Research

Quantum experiment showed that objective reality does not exist

Back in 1961, the physicist and Nobel laureate EugeneWigner laid out a mental experiment that was demonstrated by one of the least known paradoxes of quantum mechanics. The experiment shows how the strange nature of the universe allows two observers - say, Wigner and Wigner's friend - to experience different realities. Since then, physicists have been using the “Wigner friend” thought experiment to study the nature of the measurements and the debate about whether there are objective facts.

First, let us tell you about Wigner's thought experiment:

Suppose two people are simultaneouslyopen the box with the cat Schrodinger. If the result (of the collapse of the wave function) is chosen by the observer, as an idealistic solution implies, then if two observers make different choices, a problem arises. If we call one of the two outcomes, then only one of the observers can make the choice, and supporters of realism rightly consider this decision unsatisfactory.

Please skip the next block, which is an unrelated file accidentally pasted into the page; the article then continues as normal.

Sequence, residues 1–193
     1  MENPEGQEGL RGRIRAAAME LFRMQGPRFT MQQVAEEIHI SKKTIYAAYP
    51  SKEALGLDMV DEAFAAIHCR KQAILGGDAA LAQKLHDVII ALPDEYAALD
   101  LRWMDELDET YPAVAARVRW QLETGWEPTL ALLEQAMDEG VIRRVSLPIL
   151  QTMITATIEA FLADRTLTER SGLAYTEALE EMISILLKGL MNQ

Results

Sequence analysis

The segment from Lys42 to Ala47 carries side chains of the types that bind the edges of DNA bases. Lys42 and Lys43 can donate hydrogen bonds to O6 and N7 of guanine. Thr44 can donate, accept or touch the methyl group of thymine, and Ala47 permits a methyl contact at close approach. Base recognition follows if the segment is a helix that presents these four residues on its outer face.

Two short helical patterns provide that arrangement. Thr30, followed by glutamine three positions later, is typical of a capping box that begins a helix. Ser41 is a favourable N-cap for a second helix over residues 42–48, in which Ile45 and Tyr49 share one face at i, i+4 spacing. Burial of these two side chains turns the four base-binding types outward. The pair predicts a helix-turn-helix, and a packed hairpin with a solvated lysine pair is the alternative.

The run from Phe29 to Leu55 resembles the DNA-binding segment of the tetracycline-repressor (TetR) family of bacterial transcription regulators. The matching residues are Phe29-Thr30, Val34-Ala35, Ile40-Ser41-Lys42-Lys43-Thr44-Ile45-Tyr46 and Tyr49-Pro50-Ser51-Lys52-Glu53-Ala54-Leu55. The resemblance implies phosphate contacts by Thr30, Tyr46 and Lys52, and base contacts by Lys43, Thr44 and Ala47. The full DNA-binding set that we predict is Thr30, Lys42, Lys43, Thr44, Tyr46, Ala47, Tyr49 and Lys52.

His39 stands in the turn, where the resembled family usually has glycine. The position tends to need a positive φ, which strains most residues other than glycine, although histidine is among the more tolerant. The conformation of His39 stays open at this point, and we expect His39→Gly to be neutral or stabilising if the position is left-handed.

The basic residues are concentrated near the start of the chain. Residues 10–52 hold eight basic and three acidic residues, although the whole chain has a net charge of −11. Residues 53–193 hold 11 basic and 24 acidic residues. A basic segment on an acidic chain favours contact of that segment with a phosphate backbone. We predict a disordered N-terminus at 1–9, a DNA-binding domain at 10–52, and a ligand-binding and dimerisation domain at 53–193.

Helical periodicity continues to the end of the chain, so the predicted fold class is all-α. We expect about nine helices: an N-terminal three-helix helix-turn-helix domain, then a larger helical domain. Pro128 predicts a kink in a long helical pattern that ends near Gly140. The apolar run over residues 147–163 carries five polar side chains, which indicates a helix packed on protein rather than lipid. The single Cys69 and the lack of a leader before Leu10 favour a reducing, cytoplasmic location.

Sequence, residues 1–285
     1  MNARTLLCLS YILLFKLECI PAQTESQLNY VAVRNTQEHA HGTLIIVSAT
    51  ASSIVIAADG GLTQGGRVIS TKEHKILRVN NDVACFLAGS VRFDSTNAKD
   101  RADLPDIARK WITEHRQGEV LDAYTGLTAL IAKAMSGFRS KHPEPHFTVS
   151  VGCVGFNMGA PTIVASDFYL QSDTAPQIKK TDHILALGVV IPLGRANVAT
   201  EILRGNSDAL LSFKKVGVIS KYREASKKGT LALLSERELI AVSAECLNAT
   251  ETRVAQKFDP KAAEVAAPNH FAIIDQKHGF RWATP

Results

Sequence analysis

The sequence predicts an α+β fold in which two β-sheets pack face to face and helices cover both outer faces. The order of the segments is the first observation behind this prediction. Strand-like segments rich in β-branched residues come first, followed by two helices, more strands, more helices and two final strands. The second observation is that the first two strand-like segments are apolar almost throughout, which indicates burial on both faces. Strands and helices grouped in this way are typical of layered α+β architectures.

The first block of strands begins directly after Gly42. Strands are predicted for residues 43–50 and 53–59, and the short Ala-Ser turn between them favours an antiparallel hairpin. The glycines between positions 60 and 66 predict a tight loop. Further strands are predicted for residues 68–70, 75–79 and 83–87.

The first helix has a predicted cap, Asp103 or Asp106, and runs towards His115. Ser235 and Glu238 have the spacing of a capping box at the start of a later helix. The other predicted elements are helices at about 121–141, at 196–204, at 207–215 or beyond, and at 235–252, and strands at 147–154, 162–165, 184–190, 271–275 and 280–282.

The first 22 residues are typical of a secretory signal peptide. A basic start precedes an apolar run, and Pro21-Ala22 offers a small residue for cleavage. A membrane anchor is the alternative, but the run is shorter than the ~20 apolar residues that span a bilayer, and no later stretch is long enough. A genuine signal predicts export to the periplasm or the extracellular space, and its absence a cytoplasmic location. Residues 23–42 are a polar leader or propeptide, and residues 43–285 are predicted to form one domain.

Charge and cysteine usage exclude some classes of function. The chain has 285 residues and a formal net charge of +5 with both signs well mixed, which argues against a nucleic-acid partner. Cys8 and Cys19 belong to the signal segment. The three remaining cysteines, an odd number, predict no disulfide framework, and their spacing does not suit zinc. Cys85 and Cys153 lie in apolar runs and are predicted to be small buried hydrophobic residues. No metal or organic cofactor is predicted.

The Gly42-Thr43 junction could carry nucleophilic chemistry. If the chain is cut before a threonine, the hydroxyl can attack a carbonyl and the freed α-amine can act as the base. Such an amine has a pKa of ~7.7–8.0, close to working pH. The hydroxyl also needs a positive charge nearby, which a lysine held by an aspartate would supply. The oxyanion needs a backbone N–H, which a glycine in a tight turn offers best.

"In the paradox of Wigner's friend, formulatedas a physicist Eugene Wigner, the following happens: suppose that instead of watching a cat yourself, Wigner asks his friend to do it. His friend opens the box, sees the cat and then reports the results of his observation to Vigner. At this stage we can say that Wigner has just actualized the reality, which includes his friend and the cat. There is a paradox here: Was the cat alive or dead when Wigner's friend watched her, but before he reported the result of the observation? To say that when Wigner's friend observed a cat, her condition did not collapse, it means to assert that his friend was unconscious until Wigner asked him - that his friend's mind could not decide whether the cat was alive or dead, without prompting from Wigner .

The paradox became important because scientists spendexperiments to establish objective facts. But if they face different realities, how can they agree on what these facts might be? Wigner's mental experiment was never more than just a thought experiment.